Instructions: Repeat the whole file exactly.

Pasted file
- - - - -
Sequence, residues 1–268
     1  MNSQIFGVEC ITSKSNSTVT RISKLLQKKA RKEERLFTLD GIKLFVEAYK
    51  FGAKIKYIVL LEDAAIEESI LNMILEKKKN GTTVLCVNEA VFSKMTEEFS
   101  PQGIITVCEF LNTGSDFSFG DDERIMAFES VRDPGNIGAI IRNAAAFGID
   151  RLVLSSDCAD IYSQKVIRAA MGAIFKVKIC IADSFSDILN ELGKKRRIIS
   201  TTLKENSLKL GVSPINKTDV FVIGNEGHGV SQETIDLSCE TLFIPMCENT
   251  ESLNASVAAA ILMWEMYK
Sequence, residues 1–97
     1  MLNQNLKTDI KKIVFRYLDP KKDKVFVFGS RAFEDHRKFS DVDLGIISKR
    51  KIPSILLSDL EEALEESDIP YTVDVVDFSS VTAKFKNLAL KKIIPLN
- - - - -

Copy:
Sequence, residues 1–268
     1  MNSQIFGVEC ITSKSNSTVT RISKLLQKKA RKEERLFTLD GIKLFVEAYK
    51  FGAKIKYIVL LEDAAIEESI LNMILEKKKN GTTVLCVNEA VFSKMTEEFS
   101  PQGIITVCEF LNTGSDFSFG DDERIMAFES VRDPGNIGAI IRNAAAFGID
   151  RLVLSSDCAD IYSQKVIRAA MGAIFKVKIC IADSFSDILN ELGKKRRIIS
   201  TTLKENSLKL GVSPINKTDV FVIGNEGHGV SQETIDLSCE TLFIPMCENT
   251  ESLNASVAAA ILMWEMYK
Sequence, residues 1–97
     1  MLNQNLKTDI KKIVFRYLDP KKDKVFVFGS RAFEDHRKFS DVDLGIISKR
    51  KIPSILLSDL EEALEESDIP YTVDVVDFSS VTAKFKNLAL KKIIPLN